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Luxury Senior Living Targets Boomers

November 30, 2021

On November 27th in The New York Times, Steven Kurutz reviewed three luxury senior living locations in New York City, as representing a small but recent trend in senior living for Baby Boomers. They were the Watermark at Brooklyn Heights, The Sunrise at East 56th, and the Inspir Carnegie Hall.

Kurutz surmises that the old senior living contract for the World War II generation of a clean bed and three meals a day won’t cut it for the Boomers, who want to be engaged and active. Hence, these luxury ALF facilities offer the atmosphere of a wellness center, with staff and facilities for exercising, theatres, and multiple dining experiences.

The Watermark has a 148-room dining room with European-style furnishings (read plush), a gastro pub, brick pizza oven, and a Mediterranean café. There is an indoor heated pool and other such amenities.

The cost is steep. At the Watermark, a studio is $8295.00 per month for a studio, and $20,295.00 for a two-bedroom—plus a membership fee of $50K for independent living, and $20K for ALF and memory care.

The Watermark opened in October 2020, and has 30 residents with a capacity for 275. (The Inspir has 60 residents with 215 units.)

With the average cost of an ALF being $4K per month, it is obvious that these luxury ALFs will be limited in the number of people that can afford them, but they are another sign that Boomers are changing the landscape of senior living in the country.

This blog was originally posted on Gray Area of the Law.

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Shawn Rader focuses his practice on real estate litigation, commercial litigation, commercial leases, and senior housing, and he is a member of the firm’s practice groups that concentrate in these areas of law. Shawn has extensive experience representing a broad range of clients, including title insurance companies, property management companies, ranchers, lenders, developers and individuals. He frequently assists clients with resolving disputes regarding property boundaries, surveys, contracts, leases, plats, mortgages, and other matters involving real property.

With a portion of his practice devoted to representing title insurance companies in litigation arising from disputes related to coverage and general litigation matters, Shawn helped establish the American Bar Association Title Insurance Litigation Committee, serving as its first vice-chairman and as its second chairman. He is also a member of the Florida Land Title Association, where he is a charter member of the FTLA Claims Round Table Committee.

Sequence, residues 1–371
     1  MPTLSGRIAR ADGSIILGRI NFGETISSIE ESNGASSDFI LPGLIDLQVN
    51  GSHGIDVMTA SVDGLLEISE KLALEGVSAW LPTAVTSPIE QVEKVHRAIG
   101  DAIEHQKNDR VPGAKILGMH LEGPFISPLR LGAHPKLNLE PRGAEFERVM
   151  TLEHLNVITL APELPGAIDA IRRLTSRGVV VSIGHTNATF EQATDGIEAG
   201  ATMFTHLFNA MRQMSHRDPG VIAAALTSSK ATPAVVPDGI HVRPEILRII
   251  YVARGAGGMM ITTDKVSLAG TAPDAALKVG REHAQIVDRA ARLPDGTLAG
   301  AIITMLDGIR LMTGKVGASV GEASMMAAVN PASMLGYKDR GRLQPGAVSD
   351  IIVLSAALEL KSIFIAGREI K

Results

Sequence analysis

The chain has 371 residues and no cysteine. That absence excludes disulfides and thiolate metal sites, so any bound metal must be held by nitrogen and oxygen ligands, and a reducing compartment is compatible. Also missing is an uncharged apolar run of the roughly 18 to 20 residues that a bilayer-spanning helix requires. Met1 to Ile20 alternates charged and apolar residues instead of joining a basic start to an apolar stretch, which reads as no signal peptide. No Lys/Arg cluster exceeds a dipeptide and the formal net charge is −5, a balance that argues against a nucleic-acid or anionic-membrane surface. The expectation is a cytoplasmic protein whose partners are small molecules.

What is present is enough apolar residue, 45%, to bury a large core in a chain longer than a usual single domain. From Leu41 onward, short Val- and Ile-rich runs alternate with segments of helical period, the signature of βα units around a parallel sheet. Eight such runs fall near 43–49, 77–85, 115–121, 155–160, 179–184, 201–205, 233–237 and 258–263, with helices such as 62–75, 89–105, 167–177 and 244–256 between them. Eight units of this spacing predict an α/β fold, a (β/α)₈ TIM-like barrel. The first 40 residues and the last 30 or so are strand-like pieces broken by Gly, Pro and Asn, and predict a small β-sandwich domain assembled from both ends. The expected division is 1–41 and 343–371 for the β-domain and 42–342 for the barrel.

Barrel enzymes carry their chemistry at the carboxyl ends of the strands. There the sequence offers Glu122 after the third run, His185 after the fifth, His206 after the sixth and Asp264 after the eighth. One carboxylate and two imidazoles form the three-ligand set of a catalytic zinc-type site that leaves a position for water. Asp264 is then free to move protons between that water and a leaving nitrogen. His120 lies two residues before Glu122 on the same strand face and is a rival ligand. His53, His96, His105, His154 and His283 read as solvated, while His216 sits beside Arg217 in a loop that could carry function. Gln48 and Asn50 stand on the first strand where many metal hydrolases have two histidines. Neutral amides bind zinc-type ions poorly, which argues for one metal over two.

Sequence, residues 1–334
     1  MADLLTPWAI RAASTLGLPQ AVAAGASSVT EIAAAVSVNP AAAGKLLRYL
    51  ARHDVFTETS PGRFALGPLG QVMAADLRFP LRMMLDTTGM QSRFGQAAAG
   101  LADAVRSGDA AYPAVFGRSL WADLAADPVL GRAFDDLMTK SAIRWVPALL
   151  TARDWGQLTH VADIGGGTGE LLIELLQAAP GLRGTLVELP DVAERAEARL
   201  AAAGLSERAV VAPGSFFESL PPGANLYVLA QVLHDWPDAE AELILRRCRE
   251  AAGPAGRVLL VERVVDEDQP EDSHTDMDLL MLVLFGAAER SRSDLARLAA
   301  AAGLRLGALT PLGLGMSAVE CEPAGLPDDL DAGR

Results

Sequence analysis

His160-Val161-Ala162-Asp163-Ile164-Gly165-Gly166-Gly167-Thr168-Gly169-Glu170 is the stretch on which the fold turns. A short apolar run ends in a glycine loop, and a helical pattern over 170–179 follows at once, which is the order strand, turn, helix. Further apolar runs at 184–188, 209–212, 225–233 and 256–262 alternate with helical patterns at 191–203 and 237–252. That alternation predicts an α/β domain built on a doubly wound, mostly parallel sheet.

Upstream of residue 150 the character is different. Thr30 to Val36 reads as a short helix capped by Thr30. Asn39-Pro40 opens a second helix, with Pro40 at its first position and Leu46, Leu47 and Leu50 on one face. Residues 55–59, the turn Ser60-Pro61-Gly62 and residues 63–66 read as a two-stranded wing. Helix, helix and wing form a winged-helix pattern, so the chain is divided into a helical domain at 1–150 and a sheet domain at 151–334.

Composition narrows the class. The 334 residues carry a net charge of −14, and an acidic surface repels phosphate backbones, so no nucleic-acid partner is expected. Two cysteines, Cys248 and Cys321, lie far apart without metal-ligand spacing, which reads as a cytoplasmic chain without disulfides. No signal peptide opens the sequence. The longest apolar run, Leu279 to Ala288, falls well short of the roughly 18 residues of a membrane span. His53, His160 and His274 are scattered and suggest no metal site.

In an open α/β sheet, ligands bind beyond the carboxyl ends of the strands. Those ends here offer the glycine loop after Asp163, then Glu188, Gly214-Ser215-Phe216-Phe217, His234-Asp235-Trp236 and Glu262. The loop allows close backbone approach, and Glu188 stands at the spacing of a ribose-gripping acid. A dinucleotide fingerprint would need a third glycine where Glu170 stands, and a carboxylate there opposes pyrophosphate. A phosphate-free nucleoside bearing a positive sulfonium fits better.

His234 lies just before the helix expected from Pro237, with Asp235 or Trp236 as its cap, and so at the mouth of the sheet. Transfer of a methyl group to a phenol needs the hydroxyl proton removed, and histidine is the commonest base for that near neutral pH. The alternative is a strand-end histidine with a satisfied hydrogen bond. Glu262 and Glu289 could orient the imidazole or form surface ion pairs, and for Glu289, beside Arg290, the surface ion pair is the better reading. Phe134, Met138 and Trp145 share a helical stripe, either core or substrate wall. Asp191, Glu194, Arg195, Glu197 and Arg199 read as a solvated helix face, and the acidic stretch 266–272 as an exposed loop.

Both an accomplished author and speaker, Shawn has had four articles published in The Florida Bar Journal and was coauthor of the Title Insurance Law Article in the ABA Tort & Insurance Law Journal. He has served as chairman of The Florida Bar Grievance Committee for Orange County and as president of the Orange County Bar Association Legal Aid Society. He was also chairman of the City of Orlando Civil Service Board, chairman of the City of Orlando Chapter 57 Board, and vice chairman of the 2012 Orange County Charter Review Commission.

Shawn was born in Kentucky and moved to Orlando as a child. He quickly developed a lifelong devotion to the land in Florida. His passion for real estate law arises from his deep connection to the state, which is reflected in his love for Patrick Smith's book, A Land Remembered, and his collection of Florida Highwaymen paintings. Not surprisingly, his favorite Florida attraction is Gatorland in Osceola County.

Having practiced for over 40 years, Shawn brings his clients a wealth of knowledge and experience from which to draw. He has mentored attorneys both within the firm and the community. Shawn has also served as an expert witness in cases for attorneys outside the firm. He is a member of the Honorable Order of Kentucky Colonels, an organization of individuals appointed by the Governor of Kentucky in recognition of their accomplishments and outstanding service to the community, Commonwealth, and nation.

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